Ilsa Alexander, a San Francisco resident and native of Austria, is among the Holocaust survivors pictured in “Lest We Forget” on view in Civic Center Plaza. (Leslie Katz/S.F. Examiner)

Ilsa Alexander, a San Francisco resident and native of Austria, is among the Holocaust survivors pictured in “Lest We Forget” on view in Civic Center Plaza. (Leslie Katz/S.F. Examiner)

‘Lest We Forget’ shines light on Holocaust survivors

Civic Center photo display urges viewers to fight hatred, bigotry

Ilsa Alexander was a young Jewish child living a beautiful, upper middle-class life in Austria, until Nov. 9, 1938.

“Then everything turned black and ugly,” said Alexander, describing the day when, at 9 1/2 years old, she and another Jewish student in her class were sent home from school in the first of series of severe indignities her family faced at the hands of the Nazis.

Alexander is one of 78 Holocaust survivors from around the world whose larger-than-life portraits grace “Lest We Forget,” an outdoor art exhibition by German-Italian photographer Luigi Toscano on display in San Francisco’s Civic Center Plaza through May 19.

The exhibit, presented by the Goethe-Institut San Francisco and the German Consulate of the Federal Republic of Germany San Francisco (with support from donors Barbro and Bernard Osher and San Francisco’s arts commission and parks deparment) opened last week with a moving ceremony with survivors and city officials.

Alexander — whose father was sent to Dachau, but was able to leave in 1939 due to efforts from her uncle, who helped her family escape to China — spoke with Holocaust survivors Ben Stern and Eleanor Chroman, whose pictures also are in the exhibit. They said they agreed to be photographed for the project to continue to actively fight prejudice and anti-Semitism.

German Consul General Hans-Ulrich Suedbeck said, “The project is relevant for the future of our children; it calls on us to stand up against bigotry as soon as we witness it,” in remarks echoed by Sigrid Savelsberg, director of the Goethe-Institut, Kimberlee Stryker, vice president of the San Francisco Arts Commission, and Phil Ginsburg, general manager of the San Francisco Arts Commission.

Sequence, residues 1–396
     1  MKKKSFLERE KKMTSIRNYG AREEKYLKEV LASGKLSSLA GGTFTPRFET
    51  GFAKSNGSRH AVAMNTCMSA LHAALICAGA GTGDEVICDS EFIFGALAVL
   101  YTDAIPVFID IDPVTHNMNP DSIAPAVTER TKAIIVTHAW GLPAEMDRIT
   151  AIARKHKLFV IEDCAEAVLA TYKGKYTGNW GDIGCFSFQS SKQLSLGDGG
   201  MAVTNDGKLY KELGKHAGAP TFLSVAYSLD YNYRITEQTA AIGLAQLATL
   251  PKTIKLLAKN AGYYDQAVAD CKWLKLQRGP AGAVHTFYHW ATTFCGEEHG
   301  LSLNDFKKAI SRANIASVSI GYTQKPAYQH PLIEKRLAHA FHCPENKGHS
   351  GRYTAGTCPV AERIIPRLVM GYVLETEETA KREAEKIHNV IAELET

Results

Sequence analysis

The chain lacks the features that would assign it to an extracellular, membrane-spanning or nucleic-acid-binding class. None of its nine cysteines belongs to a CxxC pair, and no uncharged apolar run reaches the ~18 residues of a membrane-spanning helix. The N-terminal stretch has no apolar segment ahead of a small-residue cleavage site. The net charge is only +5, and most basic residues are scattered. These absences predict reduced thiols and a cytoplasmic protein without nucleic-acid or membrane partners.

Toscano, who began the project with a display in his hometown of Manheim, Germany in 2015, and has since expanded it and taken it to Ukraine, Washington D.C. and New York, was visibly choked up when he said, “I feel honored I can do what I do to stand up against racism and any kind of hatred.”

Complementary programs planned during the run include a Thursdays-at-noon free film series at San Francisco’s Main Library, featuring “Near Normal Man” with director Charlene Stern and Ben Stern on May 9; “Into the Arms of Strangers” on May 16; “After Auschwitz” with director Jon Kean on May 23; “Shores of Light” on May 30; and “Lest We Forget” at noon May 2, and also at 6 p.m. April 30, featuring a Q&A session with artist Toscano.

A panel on historic and contemporary anti-Semitism is at 6 p.m. May 13 at the Goethe Insitut, which also is hosting a series of anti-bias workshops. And City Guides Walking Tours of the Civic Center are including a stop at the display in April and May.

IF YOU GO

Lest We Forget: A Holocaust Remembrance Project

Where: Civic Center Plaza, Polk and Larkin streets, S.F.`

When: Through May 19

Contact: goethe.de/sf/lestweforget

Visual Arts

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